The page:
When one thinks of LEGO, controversy isn't usually something that comes to mind.  But what if LEGOs were giving children the wrong idea about emotions?

Since their debut in 1975, the iconic LEGO figures have featured primarily happy and angry faces, but according to a new study, the ratio of happy faces to angry faces has recently shifted in favor of angry faces.  The study consisted of participants viewing the faces of 628 LEGO figures released from 1975 to 2010, and rating those faces on a scale for anger, happiness, and other emotions.  According to the study, led by Christopher Bartneck of New Zealand's University of Canterbury Human Interface Technology Laboratory,

"Our cluster analysis shows that toy design has become a more complex design space in which the imaginary world of play does not only consist of a simple division of good versus evil," the researchers write, "but a world in which heroes are scared and villains can have superior smile [sic]."

In 1989, LEGO began producing more variety in their figures' facial expressions, with "happy" still being the most frequent.  But over the past few years the number of angry faces has increased, leading researchers to wonder if LEGO has shifted from focusing on building to focusing on conflict.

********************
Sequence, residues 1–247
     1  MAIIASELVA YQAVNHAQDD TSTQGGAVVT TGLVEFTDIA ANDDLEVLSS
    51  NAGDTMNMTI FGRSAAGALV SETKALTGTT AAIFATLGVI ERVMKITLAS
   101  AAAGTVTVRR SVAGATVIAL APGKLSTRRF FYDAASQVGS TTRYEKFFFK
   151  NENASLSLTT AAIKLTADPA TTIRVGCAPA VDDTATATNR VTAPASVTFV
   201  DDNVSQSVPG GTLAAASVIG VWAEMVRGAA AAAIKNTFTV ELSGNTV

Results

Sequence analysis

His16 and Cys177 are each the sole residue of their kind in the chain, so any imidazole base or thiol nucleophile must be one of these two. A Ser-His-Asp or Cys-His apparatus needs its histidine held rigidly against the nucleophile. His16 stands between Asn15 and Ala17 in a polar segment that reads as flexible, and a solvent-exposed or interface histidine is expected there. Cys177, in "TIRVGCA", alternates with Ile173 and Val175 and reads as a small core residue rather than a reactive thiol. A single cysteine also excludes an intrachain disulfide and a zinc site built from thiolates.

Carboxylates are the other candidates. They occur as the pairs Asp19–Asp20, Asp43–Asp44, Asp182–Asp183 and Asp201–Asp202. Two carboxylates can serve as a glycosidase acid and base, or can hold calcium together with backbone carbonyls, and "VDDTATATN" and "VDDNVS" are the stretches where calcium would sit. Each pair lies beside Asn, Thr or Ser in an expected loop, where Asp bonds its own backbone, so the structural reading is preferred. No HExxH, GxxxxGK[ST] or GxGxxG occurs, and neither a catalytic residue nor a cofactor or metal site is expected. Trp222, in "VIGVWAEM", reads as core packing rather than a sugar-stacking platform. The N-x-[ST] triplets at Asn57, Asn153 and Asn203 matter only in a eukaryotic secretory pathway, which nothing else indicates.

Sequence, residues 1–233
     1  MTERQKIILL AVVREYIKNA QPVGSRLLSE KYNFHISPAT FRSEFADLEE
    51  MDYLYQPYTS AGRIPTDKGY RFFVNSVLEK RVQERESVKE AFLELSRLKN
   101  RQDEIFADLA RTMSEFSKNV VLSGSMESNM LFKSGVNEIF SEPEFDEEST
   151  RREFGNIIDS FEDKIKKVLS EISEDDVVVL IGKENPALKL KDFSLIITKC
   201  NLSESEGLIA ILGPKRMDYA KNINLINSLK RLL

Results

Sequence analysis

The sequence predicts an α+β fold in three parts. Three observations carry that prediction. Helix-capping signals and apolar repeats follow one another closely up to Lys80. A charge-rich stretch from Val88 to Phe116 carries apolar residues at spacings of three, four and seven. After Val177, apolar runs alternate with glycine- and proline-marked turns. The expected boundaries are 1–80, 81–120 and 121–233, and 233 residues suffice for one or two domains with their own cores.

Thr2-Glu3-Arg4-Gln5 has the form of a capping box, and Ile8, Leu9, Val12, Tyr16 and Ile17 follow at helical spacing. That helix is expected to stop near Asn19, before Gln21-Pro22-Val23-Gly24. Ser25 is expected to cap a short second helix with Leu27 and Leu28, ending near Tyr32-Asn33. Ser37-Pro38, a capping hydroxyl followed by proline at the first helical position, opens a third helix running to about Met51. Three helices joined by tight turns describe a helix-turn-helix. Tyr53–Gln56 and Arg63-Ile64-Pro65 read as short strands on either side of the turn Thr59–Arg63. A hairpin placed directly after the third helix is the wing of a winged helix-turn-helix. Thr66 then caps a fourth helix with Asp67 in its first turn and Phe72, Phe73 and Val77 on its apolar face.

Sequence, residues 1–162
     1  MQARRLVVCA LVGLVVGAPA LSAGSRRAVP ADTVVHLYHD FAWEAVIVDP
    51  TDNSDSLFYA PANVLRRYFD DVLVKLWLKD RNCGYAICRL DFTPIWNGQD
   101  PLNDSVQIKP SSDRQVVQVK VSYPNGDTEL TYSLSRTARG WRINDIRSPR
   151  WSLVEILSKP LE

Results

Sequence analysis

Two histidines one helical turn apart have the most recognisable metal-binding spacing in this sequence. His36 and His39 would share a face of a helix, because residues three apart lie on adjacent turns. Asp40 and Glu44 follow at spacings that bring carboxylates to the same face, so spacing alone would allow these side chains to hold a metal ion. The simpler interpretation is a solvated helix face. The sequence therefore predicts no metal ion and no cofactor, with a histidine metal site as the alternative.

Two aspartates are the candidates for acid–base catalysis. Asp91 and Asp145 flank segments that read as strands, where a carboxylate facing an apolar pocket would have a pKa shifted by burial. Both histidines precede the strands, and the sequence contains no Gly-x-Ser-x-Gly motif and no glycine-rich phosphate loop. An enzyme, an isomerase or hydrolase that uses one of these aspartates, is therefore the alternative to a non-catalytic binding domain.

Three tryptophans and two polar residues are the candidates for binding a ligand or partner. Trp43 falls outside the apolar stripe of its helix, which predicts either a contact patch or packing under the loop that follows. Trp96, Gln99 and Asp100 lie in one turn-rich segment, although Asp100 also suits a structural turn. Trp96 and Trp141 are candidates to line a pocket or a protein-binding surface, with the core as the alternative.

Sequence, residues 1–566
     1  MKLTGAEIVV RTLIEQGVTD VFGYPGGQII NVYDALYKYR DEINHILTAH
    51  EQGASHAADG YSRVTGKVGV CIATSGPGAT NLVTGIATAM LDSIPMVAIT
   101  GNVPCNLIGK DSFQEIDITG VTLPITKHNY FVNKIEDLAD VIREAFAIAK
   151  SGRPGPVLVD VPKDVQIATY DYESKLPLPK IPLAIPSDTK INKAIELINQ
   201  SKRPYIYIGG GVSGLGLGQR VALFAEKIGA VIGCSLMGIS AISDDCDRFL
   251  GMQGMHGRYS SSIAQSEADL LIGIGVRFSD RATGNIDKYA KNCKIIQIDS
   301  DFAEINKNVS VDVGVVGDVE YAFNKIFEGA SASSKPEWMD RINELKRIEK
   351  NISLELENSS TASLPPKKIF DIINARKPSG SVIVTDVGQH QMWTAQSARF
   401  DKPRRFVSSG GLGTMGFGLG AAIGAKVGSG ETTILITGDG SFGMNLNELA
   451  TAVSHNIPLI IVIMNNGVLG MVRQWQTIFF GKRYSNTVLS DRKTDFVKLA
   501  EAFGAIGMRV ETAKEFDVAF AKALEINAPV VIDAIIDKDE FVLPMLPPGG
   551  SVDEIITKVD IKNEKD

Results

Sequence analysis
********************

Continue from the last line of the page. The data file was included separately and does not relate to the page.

But other toy lines focus on conflict, such as G.I. Joe, so why worry about LEGO?  Researchers has estimated that LEGO is so popular and wide-spread in our world that there are 75 LEGO blocks for every person on the planet.  So it would be fair to say that a majority of children today will be influenced by LEGOs in some way.

"We cannot help but wonder how the move from only positive faces to an increasing number of negative faces impacts how children play," the researchers write. "The children that grow up with LEGO today will remember not only smileys, but also anger and fear in the Minifigures’ faces."

I wonder if the researchers took into account that in the past several years LEGO has released many licensed sets of films like "Harry Potter" and "Lord of the Rings", where its likely more "angry" faces would be produced.

via PopSci